72 year old Mr. Mehmet Kayrakçı and his son Durmuş Bey warmly greeted us. The old master of leather has 2 children and 4 grand children. He says he has been in the leather tanning business since the age of 12 and he adds “This is a god given talent and usually the father passes his knowledge to son. When I was a child there were 8 workers in this tannery. Now there is only me. This land where our work shop is built doesn’t belong to us. The owner is about to sell the land and I don’t know what to do. I wasn’t making a lot of money but I am grateful to god. The cheap Chinese goods have affected our craft too, like everybody else’s business.” As he and his son talks, I can truly feel the difficulties the job entails. The tanning process is a rather lengthy one they say and they only have a couple of customers! A nice anecdote they tell me is about a Doctor from Izmir. Apparently this person visited their tannery one day and told them that what they do is not called “leather treating” but in literature their job is called “Tanning”. That was the first time they had heard the expression. “We are not infact leather treaters but we are tanners” they say proudly. When they obtain untreated hides from the butchers or wholesalers, they place them in clear water for a couple of days. Following that the hides are placed in lime and the liquidated lime is changed everyday. This goes on about 15 days and then the wool is pulled out. Following that the hides are put to rest for about ten days and then the excess meat pieces are scraped. This is done with a special knife. The hides are then washed with clear water in order to wash off the lime. The next phase is called “fermenting” (to place the hides in agricultural fertilizer or animal dung) The fermented hide is once again washed in clean water. The washed hide is then put through a “shaving” process on logs. The lime is completely removed and the process of baking starts. Throughout the baking process only vegetables such as ground oak tree seeds are used. The hides are baked in hot water mixed with ground seeds in 4 phases and left to settle. The first phase takes about a week to ten days to complete. The inner sides are shaved again and re-baked. Then the baked hide is washed in clear water and preparation phase starts. Correction is the last stage of preparing the leather and this is the most difficult stage.

The correction phase is called “ Aşkın” . The hide is applied vegetable oil and dried (it is easier to apply vegetable oil to soften up the skin) In the second phase, the oiled and dried skins are re-oiled and dried again. The third phase is the polishing phase. Polishing takes a relatively long time as well. The surface of the leather is evened out by using a Dolinata (special knife) and is polished by using a piece of “Vaketa” (cow-hide leather piece). Scraping of the leather takes ages (thinning) and the whole process takes about 3-4 months). Mehmet Usta and his son Durmuş Bey starts work at 7.30 am and work late at night. Mehmet Usta underlines the fact that in the tanning process no chemicals are used. When we tell them that the tannery doesn’t infact smell so bad as is claimed he says “ this place is only smelly when we do the fermenting but we are used to that smell” and he continues with a joke “ A tanner accidentally walks into a perfume shop and immediately faints. Of course the shop keeper gets worried and a fuss is created. A man walking by recognizes the tanner and says ” This is a tanner, he is not used to sweet scents, he will be all right if we take him in to a tannery”. When we ask Durmuş bey, the son, whether he will continue doing his fathers job, he answers with a bitter smile “If the conditions are ok I will. But this place will be sold. So I don’t know what I will do”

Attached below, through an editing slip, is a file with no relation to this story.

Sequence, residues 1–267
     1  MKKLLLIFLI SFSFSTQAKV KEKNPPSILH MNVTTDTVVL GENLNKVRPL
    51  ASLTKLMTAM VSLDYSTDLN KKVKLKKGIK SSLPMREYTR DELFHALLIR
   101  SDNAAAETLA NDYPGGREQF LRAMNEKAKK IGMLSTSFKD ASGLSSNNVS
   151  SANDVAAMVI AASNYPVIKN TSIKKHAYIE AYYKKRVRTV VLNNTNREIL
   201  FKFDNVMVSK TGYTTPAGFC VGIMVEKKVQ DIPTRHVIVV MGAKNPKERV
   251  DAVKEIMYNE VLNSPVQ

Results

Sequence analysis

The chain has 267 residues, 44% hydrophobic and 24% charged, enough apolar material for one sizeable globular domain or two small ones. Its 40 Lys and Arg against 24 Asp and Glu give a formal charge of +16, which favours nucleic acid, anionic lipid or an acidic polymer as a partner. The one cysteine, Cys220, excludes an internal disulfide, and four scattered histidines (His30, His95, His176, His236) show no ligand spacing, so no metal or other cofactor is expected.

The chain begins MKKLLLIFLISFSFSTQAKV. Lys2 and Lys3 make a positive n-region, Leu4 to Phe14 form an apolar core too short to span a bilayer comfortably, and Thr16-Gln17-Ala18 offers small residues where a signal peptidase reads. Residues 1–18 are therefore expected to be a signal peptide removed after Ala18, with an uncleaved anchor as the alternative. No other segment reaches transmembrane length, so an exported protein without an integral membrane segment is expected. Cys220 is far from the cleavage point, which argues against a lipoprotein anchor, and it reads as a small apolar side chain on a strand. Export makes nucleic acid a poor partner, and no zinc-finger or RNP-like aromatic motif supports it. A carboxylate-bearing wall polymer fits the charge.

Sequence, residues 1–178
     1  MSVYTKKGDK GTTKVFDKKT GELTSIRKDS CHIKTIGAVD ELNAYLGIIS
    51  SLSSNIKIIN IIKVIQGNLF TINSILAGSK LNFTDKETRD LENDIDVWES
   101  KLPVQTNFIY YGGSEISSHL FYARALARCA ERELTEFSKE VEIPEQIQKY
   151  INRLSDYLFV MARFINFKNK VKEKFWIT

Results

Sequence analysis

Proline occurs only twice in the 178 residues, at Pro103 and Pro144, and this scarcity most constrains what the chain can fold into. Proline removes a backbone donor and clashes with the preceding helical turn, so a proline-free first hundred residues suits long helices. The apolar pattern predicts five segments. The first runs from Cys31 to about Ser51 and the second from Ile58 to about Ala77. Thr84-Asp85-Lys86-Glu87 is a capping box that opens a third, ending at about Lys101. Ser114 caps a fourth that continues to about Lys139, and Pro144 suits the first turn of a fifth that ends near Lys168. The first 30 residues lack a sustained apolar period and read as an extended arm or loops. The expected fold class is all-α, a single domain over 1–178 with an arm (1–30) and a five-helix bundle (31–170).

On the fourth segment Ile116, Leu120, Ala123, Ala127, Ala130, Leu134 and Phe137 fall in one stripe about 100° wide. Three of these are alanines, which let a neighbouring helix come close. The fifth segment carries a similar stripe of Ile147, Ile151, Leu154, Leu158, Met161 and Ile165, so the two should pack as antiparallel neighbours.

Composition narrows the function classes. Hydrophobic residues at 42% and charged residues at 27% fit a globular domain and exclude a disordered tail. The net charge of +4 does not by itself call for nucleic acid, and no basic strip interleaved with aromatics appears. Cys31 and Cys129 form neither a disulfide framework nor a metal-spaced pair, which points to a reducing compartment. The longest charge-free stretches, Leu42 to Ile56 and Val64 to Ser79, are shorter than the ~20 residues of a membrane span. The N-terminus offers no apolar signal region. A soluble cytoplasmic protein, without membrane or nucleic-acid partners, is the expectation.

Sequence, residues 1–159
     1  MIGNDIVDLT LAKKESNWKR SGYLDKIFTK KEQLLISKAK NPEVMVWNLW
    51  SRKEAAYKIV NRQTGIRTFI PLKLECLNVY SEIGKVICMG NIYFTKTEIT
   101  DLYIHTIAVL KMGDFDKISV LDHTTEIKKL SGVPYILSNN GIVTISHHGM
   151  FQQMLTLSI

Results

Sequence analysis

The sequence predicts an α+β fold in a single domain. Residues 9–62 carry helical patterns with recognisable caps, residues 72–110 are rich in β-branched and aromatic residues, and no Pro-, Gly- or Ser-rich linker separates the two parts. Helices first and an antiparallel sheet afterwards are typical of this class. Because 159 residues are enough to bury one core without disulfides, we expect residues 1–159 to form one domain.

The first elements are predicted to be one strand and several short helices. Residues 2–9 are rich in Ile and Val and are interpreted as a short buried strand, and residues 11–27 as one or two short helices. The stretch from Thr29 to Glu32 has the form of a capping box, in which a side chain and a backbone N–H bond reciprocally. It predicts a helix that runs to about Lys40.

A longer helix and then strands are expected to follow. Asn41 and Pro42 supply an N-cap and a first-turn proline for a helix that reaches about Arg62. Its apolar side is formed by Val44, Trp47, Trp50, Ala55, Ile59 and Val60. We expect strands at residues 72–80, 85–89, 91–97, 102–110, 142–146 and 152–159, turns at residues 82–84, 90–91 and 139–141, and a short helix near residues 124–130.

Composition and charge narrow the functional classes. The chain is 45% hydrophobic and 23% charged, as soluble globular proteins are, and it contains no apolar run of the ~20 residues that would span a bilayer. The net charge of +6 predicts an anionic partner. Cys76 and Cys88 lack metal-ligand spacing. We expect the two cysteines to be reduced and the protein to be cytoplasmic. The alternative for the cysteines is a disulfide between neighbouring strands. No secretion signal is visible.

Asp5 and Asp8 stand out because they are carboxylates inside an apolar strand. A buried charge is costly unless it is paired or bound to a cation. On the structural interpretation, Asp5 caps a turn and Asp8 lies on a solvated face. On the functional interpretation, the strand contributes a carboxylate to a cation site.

Nowadays Mehmet Usta has only two customers; Ali Guven and İbrahim Gönen and they all need each other. Mehmet Ustas hands are a witness to and definition of this craft. As a result of the hard conditions, his hands have become arthritic. When I ask him of the disfiguration he says “In winter time I constantly use hot water and cold water at the same time, that’s why I have this disease”. I kiss these hands, the hands of a wise old tanner, infact the last tanner in Muğla and say goodbye…

(Translation published in BMagazine)